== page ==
The Christmas holiday season is one of the busiest long-distance travel periods of the year, as tens of millions of Americans will be traveling long distances each day during a two-week period. A 2001 study by the Bureau of Transportation Statistics identified that 9 out of 10 Americans who travel long-distances during the holiday season do so by car, and long-distance travel during the Christmas holidays is 23% higher than that of other periods. The 2001 study also identified the weekend before Christmas was the busiest travel days of the holiday period, with 93% more long-distance trips than the daily average on Saturday, or December 22. Thus, travelers driving in and around New York City both during and after the holiday season should take note of these ten worst traffic bottlenecks in the region.

  • The Bronx-bound Whitestone Expressway and the northbound Hutchinson River Parkway are tied for the worst traffic bottlenecks of any corridor in the Tri-State area. The two-lane northbound “Hutch” in Westchester County requires motorists to plan for a trip three times longer than normal along the corridor to guarantee on-time arrival at the end of the route.
  • While part of the Whitestone Expressway from Flushing to the Bronx is twice as wide as the “Hutch,” it is just as prone to crippling congestion during peak traffic hours, and also requires motorists to plan for a trip that’s three times as long as expected.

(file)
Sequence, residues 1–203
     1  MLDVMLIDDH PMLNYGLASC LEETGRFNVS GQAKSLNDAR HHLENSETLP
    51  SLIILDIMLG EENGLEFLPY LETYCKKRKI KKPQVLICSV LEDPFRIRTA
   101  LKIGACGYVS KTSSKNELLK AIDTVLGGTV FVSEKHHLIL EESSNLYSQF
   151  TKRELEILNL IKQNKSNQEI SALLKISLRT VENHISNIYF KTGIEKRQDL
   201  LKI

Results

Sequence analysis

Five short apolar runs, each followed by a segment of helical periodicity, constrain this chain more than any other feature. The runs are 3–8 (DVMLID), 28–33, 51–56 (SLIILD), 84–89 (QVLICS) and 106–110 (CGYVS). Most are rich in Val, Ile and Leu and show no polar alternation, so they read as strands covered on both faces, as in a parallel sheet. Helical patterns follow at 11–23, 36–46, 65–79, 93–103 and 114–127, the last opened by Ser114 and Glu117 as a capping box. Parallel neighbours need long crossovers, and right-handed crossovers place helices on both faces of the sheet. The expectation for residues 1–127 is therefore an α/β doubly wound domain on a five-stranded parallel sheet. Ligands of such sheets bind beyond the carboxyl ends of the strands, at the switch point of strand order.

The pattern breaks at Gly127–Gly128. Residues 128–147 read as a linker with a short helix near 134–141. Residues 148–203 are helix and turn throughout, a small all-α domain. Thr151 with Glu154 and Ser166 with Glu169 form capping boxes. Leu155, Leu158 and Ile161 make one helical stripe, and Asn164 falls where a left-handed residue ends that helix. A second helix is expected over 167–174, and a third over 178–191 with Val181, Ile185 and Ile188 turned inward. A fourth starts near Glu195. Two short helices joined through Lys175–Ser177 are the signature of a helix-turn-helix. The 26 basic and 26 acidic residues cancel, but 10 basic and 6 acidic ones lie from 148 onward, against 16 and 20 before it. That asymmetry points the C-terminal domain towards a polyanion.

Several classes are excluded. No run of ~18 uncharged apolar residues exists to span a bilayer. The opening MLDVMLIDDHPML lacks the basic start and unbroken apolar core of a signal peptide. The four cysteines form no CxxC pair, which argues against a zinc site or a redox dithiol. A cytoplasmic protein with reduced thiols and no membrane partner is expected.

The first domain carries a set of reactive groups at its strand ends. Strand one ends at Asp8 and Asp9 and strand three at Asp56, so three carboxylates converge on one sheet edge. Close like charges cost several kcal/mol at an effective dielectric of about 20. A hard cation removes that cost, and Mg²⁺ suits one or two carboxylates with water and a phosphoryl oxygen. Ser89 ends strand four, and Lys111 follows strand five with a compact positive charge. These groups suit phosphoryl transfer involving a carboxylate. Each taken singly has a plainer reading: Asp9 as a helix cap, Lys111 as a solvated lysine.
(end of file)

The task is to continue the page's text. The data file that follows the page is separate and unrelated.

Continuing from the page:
• Traveling north out of the city during an evening rush hour? Pick your poison. The northbound Henry Hudson Parkway, FDR Drive, and Major Deegan Expressway are all equally unreliable and all experience peak congestion from 3 pm to 7 pm on a typical weekday.
  • The longest traffic bottleneck among the top 10 in the region is southbound I-95, including the notorious Cross-Bronx Expressway and the Jersey-bound George Washington Bridge. Evening commutes along this route can be a nightmare, as motorists must plan to travel 24 minutes more (about 40 minutes total) along this 11-mile corridor to guarantee on-time arrival.
  • Heading into Lower Manhattan early in the morning? Make sure you avoid the Pulaski Skyway approach to the Holland Tunnel. This 3.3 mile corridor is the least reliable stretch of highway in the entire state of New Jersey, and requires motorists to plan for at least 10 more minutes of travel.

Long Commutes in the New York City Region: Explaining how we commute in New York City and the surrounding suburbs


Photo Credit: Suzy Allman for the New York Times

Recently, the Census Bureau released a comprehensive report describing how Americans traveled to work in 2009. Once again, the New York metropolitan area was ranked as having the longest average commute in the country at 34.6 minutes, followed by Washington DC and Poughkeepsie. Great Falls, Montana has the shortest commute time of 14.2 minutes. Some have jumped to the conclusion that the New York region has the worst commute in the country simply because it has the longest, but a closer at the “Journey to Work” data can help explain the long commute lengths.

(Data Source: US Census Bureau 2009 American Community Survey)